To be blunt: A mutual company can reduce dividends to zero, but they can't fuck the policyholder. A stock company selling UL? They can bend the policy owner over, and stick it to them where the sun don't shine, without the courtesy of adequate lubrication.

And what are you going to do when your UL is fucking you? Lapse it? That's EXACTLY what the company executives WANT you to do.

NOTE: I'm not saying that all UL is bad. Sometimes, that's all you have to solve a particular problem. That said, all things being equal, I'd rather own whole life.


Splash, out


Sooo, not being all that saavy at insurance, what should you watch for when looking at whole life?
So, are you in favor of LESS government regulation, or MORE government regulation?
That "all things being equal" thing is what was kicking my butt.

We did whole life for my wife and me--I'm still active duty, and will stay in for a while, but we were getting ready for the justincase. Unfortunately, we were doing it through USPA&IRA...and paying a lot.

We're assuming a bit of risk now as the article points out, because we shifted to a USAA term plan, which has much less going out of my pocket today, useful since we also had to deal with losing about half our income at the same time. Barring very bad decisions or a Depression, I expect we'll self-insure about the time the term insurance is up.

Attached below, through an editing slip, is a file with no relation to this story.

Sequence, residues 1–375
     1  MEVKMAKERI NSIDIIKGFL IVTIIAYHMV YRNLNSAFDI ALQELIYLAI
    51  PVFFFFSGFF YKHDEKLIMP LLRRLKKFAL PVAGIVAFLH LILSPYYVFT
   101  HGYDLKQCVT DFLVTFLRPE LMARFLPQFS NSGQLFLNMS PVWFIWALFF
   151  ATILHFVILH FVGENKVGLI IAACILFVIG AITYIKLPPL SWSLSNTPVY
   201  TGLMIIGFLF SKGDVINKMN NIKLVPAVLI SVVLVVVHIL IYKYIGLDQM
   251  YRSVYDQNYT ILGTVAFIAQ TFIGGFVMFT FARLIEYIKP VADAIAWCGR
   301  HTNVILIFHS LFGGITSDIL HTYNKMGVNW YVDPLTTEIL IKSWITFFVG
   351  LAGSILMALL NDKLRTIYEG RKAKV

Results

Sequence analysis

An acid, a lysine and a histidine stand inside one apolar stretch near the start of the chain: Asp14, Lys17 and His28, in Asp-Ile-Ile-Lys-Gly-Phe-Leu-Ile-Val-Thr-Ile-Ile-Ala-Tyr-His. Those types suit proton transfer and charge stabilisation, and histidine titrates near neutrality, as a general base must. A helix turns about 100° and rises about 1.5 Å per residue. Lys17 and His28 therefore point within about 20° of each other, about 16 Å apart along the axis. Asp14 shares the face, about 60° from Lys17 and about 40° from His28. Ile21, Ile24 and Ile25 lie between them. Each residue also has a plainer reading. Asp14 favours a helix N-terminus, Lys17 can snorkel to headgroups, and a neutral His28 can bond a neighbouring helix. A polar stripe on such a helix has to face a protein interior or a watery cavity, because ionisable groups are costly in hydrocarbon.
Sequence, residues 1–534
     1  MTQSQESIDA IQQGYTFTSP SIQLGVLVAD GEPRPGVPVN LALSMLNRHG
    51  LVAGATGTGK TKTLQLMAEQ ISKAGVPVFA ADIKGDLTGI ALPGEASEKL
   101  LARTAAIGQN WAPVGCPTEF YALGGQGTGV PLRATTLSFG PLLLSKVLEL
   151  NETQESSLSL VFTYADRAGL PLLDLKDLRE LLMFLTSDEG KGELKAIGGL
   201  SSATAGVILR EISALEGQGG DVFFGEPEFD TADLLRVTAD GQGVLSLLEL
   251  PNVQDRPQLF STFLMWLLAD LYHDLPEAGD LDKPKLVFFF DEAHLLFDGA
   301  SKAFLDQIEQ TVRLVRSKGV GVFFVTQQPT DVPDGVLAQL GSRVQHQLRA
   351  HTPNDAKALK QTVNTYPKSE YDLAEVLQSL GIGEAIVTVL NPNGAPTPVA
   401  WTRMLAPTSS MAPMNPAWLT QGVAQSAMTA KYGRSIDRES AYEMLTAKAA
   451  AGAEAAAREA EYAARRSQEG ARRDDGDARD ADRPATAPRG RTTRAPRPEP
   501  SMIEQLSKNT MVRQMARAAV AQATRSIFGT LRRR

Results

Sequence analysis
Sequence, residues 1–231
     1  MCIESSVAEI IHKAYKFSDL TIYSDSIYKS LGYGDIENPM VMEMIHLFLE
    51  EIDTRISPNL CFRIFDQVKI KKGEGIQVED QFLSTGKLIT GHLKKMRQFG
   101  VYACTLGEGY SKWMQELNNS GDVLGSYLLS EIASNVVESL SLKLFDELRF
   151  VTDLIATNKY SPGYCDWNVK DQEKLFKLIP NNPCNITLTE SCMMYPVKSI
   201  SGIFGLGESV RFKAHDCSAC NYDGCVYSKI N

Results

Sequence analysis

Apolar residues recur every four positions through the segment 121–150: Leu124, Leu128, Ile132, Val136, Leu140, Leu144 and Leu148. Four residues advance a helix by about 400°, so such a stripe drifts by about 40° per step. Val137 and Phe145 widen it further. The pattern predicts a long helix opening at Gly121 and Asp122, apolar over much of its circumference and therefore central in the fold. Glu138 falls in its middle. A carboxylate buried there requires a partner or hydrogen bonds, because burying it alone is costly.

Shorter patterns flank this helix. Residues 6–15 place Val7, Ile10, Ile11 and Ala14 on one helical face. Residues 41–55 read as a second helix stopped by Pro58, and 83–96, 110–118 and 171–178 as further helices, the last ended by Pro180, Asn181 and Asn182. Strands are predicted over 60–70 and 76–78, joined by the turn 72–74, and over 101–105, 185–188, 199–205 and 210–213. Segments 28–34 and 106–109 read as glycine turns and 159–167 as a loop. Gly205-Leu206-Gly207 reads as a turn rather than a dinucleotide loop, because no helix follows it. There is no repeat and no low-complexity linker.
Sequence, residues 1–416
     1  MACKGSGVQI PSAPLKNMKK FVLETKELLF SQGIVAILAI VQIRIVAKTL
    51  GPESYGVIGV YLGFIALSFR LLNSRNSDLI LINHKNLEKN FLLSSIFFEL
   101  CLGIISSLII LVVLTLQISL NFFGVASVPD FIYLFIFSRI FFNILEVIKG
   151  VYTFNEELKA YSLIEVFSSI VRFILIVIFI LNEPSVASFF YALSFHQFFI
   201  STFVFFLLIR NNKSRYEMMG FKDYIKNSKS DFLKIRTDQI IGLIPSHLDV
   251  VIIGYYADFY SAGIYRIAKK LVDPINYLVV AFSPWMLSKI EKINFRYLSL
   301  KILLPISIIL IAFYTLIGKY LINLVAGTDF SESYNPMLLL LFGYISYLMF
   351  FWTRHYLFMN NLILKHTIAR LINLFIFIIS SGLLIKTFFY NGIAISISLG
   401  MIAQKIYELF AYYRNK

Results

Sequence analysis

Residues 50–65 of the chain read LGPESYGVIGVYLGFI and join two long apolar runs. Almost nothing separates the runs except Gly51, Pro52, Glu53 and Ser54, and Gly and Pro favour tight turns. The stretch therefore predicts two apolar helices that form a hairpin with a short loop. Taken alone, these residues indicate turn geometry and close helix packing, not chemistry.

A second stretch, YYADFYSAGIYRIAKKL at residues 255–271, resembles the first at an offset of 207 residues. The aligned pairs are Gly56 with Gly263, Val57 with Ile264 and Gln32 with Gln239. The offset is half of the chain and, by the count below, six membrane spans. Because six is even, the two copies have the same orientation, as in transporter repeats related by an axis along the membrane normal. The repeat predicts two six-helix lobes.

so, yeah, all things being equal, sure; for our personal case all things weren't.
Oh, and there are *no* fee only financial planners around Omaha. There is *one* if you've got more than two million in assets, mind you; just not one for pogues like me...
Stupid question...

What are your thoughts on variable annuities? I keep hearing about those as useful retirement tools, but the details are always so murky.
Big D...

Not a stupid question at all. But the only answer that is going to NOT be stupid is going to SOUND stupid at first blush: "It depends."

Overall, I LOVE annuities as a risk management tool. I LOVE annuities IN retirement, at least for a portion of a retiree's portfolio, because of their stabilizing influence (except for some VAs, which may not be very stable at all, depending on subaccount performance).